Two years after recommendations, only a small percentage have been tested.
A Brief Report appearing in the American Journal of Preventive Medicine looks at testing rates for Hepatitis C virus (HCV) two years after the United States Preventive Services Task Force (USPSTF) recommended it for all baby boomers, and finds rates are still very low.
- Approximately 3.5 million people in the United States have chronic hepatitis C virus (HCV) infection.
- Most of those (80%) are “baby boomers” (born between 1945 and 1965), and most of them are unaware of their infections despite availability of treatments that may reduce their risk of HCV-related diseases, including chronic hepatitis, cirrhosis, and liver cancer.
- The U.S. Preventive Services Task Force (USPSTF) recommended one-time HCV testing for baby boomers in 2013.
- In a 2013 report, the authors noted low HCV testing prevalence among baby boomers. However, it is unknown whether HCV testing has changed following the USPSTF recommendation.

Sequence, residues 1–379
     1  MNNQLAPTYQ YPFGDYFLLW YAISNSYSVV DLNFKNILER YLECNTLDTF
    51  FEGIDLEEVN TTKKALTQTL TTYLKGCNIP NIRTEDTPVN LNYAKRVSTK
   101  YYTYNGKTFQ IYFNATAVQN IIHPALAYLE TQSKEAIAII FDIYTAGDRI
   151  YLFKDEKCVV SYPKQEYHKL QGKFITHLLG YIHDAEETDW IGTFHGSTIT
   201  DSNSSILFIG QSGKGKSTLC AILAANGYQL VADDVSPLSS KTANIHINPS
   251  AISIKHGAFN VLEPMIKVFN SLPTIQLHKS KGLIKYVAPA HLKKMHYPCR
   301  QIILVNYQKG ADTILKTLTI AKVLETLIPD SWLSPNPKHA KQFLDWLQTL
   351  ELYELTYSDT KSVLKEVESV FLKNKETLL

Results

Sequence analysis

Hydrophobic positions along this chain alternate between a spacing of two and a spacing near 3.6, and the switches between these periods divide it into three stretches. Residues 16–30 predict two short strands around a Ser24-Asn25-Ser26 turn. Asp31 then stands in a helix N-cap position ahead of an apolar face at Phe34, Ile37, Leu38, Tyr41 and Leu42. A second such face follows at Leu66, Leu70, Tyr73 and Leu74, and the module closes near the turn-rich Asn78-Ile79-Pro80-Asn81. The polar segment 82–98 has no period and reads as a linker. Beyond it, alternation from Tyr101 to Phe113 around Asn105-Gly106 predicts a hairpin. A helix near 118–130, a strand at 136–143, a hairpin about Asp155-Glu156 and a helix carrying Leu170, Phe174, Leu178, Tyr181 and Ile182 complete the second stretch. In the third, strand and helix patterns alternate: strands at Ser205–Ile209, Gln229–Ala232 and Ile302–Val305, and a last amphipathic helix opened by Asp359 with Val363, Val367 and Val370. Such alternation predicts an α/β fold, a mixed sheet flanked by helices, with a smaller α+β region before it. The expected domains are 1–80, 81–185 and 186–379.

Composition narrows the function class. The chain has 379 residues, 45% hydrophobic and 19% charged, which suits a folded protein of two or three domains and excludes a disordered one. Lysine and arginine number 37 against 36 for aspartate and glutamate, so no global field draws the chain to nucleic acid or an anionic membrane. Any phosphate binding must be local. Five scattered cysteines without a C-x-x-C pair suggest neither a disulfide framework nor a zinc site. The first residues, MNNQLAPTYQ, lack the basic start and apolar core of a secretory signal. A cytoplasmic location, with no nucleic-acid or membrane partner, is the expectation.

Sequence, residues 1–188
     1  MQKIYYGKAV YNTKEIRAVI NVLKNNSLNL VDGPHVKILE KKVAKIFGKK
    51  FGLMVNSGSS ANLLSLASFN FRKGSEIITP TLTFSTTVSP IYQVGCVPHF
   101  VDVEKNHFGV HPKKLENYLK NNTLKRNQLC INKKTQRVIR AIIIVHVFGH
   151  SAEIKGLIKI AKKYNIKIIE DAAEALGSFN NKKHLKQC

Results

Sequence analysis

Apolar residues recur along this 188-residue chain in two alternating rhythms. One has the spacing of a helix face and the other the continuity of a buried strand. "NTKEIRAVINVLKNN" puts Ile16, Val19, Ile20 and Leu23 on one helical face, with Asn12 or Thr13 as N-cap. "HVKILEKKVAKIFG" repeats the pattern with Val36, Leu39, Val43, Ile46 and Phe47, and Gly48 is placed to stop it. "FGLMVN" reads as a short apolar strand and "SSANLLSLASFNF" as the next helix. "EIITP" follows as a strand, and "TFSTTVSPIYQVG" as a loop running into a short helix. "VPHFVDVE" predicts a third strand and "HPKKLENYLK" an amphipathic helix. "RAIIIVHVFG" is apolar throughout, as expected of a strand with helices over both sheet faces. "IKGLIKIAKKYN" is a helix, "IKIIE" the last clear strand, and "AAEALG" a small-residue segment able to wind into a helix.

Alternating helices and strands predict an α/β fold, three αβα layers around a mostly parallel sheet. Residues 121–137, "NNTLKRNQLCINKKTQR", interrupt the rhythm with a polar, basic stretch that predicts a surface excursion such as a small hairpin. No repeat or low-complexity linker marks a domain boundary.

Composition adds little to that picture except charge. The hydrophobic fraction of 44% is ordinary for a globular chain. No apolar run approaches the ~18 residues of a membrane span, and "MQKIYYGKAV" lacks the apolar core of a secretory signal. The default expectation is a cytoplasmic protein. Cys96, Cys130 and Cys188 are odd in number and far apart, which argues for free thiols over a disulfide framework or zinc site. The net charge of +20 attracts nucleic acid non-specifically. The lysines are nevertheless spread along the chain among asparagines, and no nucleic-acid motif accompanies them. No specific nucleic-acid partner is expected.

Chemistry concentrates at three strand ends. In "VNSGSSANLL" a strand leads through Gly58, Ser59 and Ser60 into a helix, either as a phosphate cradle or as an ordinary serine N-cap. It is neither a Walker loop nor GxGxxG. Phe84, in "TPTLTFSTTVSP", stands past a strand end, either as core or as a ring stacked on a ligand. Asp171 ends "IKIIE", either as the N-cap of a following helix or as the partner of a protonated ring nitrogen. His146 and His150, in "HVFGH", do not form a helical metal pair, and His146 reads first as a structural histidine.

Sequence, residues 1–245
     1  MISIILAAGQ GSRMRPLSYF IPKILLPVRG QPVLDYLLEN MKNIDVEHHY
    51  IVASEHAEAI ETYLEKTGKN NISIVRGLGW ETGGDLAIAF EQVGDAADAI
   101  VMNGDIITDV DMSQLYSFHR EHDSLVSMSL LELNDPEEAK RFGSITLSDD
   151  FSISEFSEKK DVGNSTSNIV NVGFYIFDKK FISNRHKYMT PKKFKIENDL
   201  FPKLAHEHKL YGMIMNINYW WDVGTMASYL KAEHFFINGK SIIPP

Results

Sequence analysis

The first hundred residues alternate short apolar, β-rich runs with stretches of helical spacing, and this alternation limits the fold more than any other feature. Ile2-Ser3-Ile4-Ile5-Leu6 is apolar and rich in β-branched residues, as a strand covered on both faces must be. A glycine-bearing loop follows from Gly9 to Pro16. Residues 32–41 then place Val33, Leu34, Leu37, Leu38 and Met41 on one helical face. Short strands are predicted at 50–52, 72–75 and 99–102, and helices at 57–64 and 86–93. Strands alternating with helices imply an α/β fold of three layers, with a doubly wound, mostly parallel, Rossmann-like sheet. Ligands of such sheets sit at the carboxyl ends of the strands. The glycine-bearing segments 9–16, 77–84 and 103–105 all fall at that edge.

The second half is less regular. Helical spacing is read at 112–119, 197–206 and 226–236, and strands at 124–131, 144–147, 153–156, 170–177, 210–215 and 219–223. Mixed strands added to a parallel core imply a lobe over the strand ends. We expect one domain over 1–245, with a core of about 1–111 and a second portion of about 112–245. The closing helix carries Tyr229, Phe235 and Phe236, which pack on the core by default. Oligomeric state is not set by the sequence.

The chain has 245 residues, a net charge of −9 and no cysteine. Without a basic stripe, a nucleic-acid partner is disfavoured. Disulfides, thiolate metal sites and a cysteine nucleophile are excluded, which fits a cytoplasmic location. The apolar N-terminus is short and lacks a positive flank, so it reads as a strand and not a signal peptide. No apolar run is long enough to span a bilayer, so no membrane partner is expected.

Highlights from the study:
- Investigators studies responses from nearly 24,000 baby boomers included in the National Health Interview Survey.
- From 2013 to 2015, HCV testing prevalence among baby boomers increased slightly, from 12.3% to 13.8%.
- Of the 76.2 million estimated baby boomers in 2015, only 10.5 million reported ever receiving HCV testing.
- Those with Medicare plus Medicaid, Medicaid only, or military insurance had higher rates of HCV testing than the privately insured.
- HCV testing was also greater in men versus women, and among college graduates
“Prevalence of HCV testing among baby boomers did not substantially increase and remains low two years after the USPSTF recommendation in 2013,” write the authors. “These findings underscore the need for increased awareness for HCV testing among healthcare providers and baby boomers and other innovative strategies such as state-mandated HCV testing.”